WAKE UP New England: National Drowsy Driving Prevention Week 2012

November 8, 2012

Staying awake at the wheel -- it's a lot harder than you might think.

According to DrowsyDriving.org, there are close to 2,000 people killed every year in these kinds of accidents. Another 70,000 are injured. And these are only the accidents that are reported. Officials believe that many times, drivers are not willing to admit to an officer that they were drowsy at the time of a collision, leading to the likelihood of tired drivers being responsible for many more crashes each year..
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To try to shine light on this danger, officials with the National Sleep Foundation have declared November 12th through the 18th as National Drowsy Driving Prevention Week. This week is 7 days of public awareness and education revolved around sleep safety.

Our Massachusetts accident attorneys understand that this condition affects nearly all drivers. Transportation workers are at some of the highest risks. According to a recent study, about 20 percent of pilots say that they've made a serious error and another 20 percent of truck drivers and 20 percent of train operators say they've had a "near miss" because of sleepiness.

The truth of the matter is that sleepiness and driving don't mix together at all. Unfortunately, most drivers are completely oblivious to drowsy driving. They're aware of the dangers of drinking and driving though, which in the end are no different. In the grand scheme of things, drowsy driving might actually be more dangerous than drunk driving. Like alcohol, sleep deprivation can slow you reaction time behind the wheel. It can also decrease your awareness, impair your judgment and increase your risks for getting into an accident.

Who is most at risk for these kinds of accidents?

-Adult drivers between the ages of 18 and 29 are more likely than any other age group of drivers to drive while drowsy.

-Men are more likely than women to drive drowsy.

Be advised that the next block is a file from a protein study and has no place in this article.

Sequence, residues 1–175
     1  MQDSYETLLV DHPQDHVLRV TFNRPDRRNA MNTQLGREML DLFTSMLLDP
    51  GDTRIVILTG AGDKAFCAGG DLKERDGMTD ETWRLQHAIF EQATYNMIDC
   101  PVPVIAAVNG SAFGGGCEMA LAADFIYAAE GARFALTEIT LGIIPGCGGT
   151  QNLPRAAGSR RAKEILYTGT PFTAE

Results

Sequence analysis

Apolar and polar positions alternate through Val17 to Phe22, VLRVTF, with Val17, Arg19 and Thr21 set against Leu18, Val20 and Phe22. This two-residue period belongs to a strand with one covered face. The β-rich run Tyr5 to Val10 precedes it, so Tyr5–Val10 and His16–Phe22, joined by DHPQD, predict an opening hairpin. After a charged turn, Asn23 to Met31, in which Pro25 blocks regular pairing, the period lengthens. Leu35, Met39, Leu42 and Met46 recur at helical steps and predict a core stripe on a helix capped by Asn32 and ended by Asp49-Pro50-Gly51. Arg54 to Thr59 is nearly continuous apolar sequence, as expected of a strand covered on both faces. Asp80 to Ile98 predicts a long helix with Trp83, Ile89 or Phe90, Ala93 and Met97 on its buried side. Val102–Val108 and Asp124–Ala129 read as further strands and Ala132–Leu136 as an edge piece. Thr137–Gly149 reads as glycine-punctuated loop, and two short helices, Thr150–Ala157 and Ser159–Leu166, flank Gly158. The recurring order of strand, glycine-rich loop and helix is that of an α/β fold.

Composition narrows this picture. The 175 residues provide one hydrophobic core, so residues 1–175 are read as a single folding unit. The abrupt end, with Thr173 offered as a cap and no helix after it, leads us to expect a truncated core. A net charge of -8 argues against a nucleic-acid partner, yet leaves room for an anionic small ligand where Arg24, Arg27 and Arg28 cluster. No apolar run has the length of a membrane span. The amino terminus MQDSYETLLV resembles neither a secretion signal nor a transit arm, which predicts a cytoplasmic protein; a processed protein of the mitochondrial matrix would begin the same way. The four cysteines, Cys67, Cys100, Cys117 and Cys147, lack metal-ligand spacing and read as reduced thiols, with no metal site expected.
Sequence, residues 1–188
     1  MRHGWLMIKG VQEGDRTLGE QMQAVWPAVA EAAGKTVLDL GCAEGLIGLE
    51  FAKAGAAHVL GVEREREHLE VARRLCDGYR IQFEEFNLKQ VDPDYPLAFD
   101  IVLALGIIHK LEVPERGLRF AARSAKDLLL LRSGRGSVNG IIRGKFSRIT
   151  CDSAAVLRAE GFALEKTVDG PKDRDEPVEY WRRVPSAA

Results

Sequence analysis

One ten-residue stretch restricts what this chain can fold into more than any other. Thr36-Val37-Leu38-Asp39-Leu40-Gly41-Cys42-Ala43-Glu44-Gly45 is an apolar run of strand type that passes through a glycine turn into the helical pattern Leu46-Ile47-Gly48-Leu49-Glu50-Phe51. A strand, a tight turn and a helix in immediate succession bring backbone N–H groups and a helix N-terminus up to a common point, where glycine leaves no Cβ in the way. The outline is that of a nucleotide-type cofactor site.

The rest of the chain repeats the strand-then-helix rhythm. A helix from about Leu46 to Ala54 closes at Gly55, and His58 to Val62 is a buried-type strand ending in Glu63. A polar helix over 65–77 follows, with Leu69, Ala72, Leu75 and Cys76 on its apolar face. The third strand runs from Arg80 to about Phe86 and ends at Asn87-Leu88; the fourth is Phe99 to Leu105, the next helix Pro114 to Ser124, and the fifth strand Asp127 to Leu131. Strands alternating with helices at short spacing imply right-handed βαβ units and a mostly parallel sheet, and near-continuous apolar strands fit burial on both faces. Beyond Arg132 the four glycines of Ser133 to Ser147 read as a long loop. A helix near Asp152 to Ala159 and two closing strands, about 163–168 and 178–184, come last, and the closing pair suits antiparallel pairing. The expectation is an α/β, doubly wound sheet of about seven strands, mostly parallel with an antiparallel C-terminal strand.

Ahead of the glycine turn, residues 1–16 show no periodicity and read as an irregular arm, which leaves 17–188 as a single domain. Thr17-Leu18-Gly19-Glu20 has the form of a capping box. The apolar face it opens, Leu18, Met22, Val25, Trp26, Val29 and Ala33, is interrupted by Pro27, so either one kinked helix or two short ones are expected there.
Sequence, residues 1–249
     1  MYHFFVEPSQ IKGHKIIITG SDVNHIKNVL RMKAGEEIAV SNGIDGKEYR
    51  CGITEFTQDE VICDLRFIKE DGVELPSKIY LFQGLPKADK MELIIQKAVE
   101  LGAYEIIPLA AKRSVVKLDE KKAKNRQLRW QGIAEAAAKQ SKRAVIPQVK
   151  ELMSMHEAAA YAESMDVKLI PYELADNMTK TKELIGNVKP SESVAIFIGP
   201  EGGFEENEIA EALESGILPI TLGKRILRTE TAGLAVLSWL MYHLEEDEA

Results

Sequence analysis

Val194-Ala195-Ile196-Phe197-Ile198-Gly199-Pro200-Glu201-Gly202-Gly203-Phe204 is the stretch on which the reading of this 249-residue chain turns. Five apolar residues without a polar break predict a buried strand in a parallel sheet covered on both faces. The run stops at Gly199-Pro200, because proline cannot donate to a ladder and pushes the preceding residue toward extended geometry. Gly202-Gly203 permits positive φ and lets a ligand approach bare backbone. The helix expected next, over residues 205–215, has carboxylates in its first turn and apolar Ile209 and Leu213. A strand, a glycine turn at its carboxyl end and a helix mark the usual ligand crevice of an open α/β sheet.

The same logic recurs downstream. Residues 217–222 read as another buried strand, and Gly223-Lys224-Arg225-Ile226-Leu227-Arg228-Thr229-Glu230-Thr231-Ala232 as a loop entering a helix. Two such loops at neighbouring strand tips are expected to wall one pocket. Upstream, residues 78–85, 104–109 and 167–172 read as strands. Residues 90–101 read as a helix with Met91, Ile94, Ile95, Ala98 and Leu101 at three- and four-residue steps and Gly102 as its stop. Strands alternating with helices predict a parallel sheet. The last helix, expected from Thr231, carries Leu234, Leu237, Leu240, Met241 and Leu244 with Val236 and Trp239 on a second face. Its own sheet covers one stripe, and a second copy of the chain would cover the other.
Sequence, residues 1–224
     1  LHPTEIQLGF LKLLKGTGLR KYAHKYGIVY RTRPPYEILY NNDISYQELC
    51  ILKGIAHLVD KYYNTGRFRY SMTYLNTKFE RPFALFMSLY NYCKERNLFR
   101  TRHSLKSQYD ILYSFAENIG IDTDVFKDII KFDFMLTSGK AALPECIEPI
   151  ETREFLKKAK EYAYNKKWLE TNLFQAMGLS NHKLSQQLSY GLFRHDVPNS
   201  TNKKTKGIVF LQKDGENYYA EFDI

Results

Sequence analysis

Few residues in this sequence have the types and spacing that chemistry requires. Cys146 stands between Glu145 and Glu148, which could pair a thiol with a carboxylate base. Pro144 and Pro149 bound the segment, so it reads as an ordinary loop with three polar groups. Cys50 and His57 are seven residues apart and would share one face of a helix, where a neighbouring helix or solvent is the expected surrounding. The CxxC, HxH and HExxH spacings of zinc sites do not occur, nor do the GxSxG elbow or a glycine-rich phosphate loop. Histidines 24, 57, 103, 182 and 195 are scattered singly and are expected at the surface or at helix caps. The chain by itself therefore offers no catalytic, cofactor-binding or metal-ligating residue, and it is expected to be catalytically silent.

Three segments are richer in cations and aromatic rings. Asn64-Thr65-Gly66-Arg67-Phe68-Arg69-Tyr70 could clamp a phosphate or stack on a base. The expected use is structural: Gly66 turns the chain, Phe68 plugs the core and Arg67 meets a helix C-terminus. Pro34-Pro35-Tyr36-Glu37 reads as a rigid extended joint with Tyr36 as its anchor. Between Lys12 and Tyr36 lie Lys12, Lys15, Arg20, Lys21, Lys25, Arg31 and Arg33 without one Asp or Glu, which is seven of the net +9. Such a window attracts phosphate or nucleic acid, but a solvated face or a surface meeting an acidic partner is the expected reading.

-Drivers who have children in their household are more likely than those who have none.

-Drivers who are shift workers are more likely than those with regularly-scheduled jobs to drive while drowsy.

-Those who suffer from sleep deprivation and other sleep-related conditions are more likely to get into drowsy driving car accidents.

-Drivers who get six to seven hours of sleep each night are twice as likely to be involved a drowsy driving car accident as someone who gets an average of 8 hours or more a night. Those who continuously sleep less than 5 hours, increase their risks four to five times.

Your best bet in avoiding these kinds of accidents is to avoid driving during times when you would normally be sleeping. You want to make sure that you get plenty of sleep each night and that you're able to recognize sleepiness behind the wheel. One of the worst things that you could ever do is try to push through your tiredness. When you feel sleepy, it's important that you switch roles with a passenger or you pull over in a safe area, stop and get some rest. Caffeine, loud music and open windows are only a temporary fix to wake you up and will ultimately not prevent you from falling asleep at the wheel if you push your luck.

If you or someone you love has been involved in a car accident, contact the Law Offices of Jeffrey S. Glassman for a free and confidential consultation to discuss your rights. Call 1-877-617-5333 today!

More Blog Entries:

Massachusetts Deer Accidents Can be a Serious Matter, Boston Car Accident Lawyer Blog, October 27, 2012

Big Changes to Massachusetts' Toll Plazas, Boston Car Accident Lawyer Blog, October 23, 2012